Female agents of the Second World War

Chosen to work in a secretive, clandestine and mainly male domain, the women of the Special Operations Executive, French section (SOE F) were all truly remarkable.  From house wives to grandmothers, shop assistants to princesses, thirty nine women passed through a rigorous training programme. They were taught: silent killing, instinctive shooting and sabotage as well as survival tactics for life in Nazi Occupied France.  They were infiltrated behind enemy lines, putting them beyond the protection of the Geneva Convention.  Some went by parachute, others by boat or aircraft to begin their dangerous work in enemy Occupied France as wireless operators and couriers.

Life expectancy was short, sometimes a mere six weeks but these women worked and fought hard. – Often living in solitude with no friends or company; travelling hundreds of kilometres carrying vital yet incriminating information; receiving arms or vital supplies and risking everything to make contact with SOE HQ over the radio waves.  Life as an agent was scary, exhilarating and exhausting.

These female agents came from many different walks of life. Some of them were already working with the Resistance and came to England for training, whilst others were fleeing from the Gestapo.  Several of the women were already ‘doing their bit’ in uniform but were frustrated and bored, yearning for adventure which their recruitment to into SOE interview promised them.  The few who were mothers or house wives found themselves called to interview under various guises such as to discuss war widow’s pensions or photographs.    Marguerite (Peggy) Knight was overheard speaking French at a party, whilst Yvonne Rudellat and Blanche Charlet were enlisted through the ‘old boys’ network at the Ebury Court Club in London.  A few of the woman already had spouses or siblings in SOE and who had suggested them to the organisation as being suitable recruits.

 

 

SOE recruited women of all ages and from all social backgrounds from Polish Countesses to working class London girls.  In terms of age the youngest was 19 year old Sonia Butt, whilst the oldest, Blanche Charlet, was 55 years old.  The female agents also had different motives; Lilian Rolfe travelled from Brazil on a ship full of ‘expat’ volunteers to join up, first the WAAF then onto SOE. Whereas Odette Sansom had already tried to undertake war work but hadn’t found anything that suited her, she sent some photographs of France to the wrong address and fell into SOE ‘by mistake’.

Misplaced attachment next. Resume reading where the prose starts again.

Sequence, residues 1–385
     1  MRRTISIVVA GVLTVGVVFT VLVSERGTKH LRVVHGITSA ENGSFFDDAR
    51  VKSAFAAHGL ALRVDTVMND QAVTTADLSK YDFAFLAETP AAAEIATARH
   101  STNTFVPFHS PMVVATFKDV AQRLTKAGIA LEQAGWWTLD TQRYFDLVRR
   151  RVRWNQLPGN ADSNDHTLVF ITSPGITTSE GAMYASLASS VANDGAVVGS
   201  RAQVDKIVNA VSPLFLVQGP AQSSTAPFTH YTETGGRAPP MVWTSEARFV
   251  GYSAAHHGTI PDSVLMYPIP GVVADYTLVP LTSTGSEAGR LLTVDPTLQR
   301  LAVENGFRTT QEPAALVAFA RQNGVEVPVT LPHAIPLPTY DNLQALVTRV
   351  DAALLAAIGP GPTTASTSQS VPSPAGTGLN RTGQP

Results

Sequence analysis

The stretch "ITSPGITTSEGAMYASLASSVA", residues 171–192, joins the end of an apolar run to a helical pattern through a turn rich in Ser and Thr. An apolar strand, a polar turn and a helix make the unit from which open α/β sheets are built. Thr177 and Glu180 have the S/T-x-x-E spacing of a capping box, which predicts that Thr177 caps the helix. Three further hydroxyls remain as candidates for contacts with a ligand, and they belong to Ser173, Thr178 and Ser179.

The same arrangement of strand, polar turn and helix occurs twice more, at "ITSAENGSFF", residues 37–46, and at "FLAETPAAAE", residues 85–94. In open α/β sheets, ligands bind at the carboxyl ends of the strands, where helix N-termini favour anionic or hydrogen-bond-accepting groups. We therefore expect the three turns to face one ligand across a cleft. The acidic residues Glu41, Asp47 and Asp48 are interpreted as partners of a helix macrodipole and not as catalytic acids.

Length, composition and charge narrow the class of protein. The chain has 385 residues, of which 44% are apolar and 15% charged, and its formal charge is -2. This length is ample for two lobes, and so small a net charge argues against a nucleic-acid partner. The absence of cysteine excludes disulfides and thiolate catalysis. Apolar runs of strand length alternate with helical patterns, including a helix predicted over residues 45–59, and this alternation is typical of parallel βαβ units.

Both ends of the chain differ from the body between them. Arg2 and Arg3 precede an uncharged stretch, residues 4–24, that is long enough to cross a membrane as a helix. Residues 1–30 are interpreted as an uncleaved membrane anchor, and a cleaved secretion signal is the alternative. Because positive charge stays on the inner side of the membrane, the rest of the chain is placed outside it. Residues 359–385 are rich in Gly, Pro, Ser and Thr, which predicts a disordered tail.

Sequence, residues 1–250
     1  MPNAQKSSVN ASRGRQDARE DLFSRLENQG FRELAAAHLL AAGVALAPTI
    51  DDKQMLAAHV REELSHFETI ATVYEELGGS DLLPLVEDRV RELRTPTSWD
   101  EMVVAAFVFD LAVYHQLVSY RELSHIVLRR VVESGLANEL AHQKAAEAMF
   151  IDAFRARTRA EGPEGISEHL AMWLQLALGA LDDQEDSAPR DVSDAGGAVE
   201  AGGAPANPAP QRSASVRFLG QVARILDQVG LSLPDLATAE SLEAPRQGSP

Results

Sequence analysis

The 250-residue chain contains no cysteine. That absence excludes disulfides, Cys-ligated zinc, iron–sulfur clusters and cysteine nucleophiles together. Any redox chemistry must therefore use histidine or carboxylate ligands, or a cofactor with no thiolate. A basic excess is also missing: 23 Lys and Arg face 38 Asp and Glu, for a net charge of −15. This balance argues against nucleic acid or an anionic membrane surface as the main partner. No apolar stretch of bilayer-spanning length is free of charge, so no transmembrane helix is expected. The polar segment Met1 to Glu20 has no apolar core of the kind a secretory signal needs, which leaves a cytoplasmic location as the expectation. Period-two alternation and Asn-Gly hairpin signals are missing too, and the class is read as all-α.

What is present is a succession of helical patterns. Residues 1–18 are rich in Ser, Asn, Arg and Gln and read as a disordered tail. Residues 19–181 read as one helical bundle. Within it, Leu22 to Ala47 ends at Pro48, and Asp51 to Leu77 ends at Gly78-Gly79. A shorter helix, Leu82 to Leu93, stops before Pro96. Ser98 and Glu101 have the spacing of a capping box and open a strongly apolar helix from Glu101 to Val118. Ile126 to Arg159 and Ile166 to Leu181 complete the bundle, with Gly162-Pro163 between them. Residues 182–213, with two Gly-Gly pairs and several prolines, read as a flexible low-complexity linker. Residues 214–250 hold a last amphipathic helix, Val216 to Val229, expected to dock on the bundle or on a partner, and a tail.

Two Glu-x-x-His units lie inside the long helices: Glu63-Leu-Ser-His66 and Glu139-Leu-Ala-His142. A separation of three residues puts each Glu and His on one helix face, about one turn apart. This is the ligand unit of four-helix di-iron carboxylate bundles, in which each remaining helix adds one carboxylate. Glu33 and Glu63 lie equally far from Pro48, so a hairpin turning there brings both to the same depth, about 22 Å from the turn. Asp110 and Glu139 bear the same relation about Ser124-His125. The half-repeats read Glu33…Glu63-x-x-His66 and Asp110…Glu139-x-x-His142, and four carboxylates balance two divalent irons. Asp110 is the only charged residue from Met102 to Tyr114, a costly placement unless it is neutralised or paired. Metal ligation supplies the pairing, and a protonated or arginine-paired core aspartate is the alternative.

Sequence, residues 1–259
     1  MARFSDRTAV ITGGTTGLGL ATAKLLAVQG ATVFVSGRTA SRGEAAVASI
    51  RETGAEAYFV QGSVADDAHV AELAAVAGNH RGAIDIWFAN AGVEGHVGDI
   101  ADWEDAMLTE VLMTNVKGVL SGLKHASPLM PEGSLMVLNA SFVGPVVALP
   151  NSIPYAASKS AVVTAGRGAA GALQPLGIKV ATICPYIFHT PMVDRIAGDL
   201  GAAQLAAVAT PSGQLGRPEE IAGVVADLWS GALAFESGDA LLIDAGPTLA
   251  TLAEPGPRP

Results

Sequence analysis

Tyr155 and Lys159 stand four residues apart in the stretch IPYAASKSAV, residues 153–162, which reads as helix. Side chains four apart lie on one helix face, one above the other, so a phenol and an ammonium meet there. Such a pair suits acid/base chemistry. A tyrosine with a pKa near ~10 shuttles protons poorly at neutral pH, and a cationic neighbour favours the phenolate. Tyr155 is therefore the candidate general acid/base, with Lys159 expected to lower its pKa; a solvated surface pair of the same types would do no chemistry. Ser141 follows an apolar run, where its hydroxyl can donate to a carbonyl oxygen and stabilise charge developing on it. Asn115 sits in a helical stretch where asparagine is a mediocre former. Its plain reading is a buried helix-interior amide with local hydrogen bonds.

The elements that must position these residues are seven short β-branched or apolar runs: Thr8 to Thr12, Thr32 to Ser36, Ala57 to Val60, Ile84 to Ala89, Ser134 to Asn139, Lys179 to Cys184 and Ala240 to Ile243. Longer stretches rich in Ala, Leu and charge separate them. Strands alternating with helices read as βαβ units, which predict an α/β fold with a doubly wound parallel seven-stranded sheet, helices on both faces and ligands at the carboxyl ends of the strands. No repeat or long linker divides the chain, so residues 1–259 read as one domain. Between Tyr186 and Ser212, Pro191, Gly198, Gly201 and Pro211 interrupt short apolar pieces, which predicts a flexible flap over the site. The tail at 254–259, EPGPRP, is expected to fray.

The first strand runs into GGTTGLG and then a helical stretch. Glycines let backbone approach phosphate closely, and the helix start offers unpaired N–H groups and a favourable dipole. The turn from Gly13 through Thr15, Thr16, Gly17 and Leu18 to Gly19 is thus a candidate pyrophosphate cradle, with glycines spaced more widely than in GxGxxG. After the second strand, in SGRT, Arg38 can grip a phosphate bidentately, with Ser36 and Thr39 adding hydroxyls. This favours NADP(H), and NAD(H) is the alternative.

Once the women had passed interview they were sent to on an extensive training programme consisting of some five training schools.  To the amusement of some of the F section recruits most of the Special Training Schools (STS) were requisitioned manors and estates, such as Wanborough Manor in Surrey or the Beaulieu estate in the New Forest, and so it became a standing joke that that SOE actually stood for ‘Stately ‘Omes of England’.

The preliminary course was held at Special Training school 5 otherwise known as Wanborough Manor in Surrey.  The course was to last a couple of weeks and was ‘conducted under commando cover’, agents were taught ‘physical training, weapons handling, unarmed combat, elementary demolitions, map reading, fieldcraft and basic signalling.

After this potential agents were sent to the West coast of Scotland to learn how to cope with the tougher side of the resistance.  They had to fend for ourselves finding food and shelter in the hills, underwent physical endurance exercises and were even taught how to rock climb.  They were also taught how to handle various weapons as well as self-defence, ‘Silent killing’ and ‘Close combat’.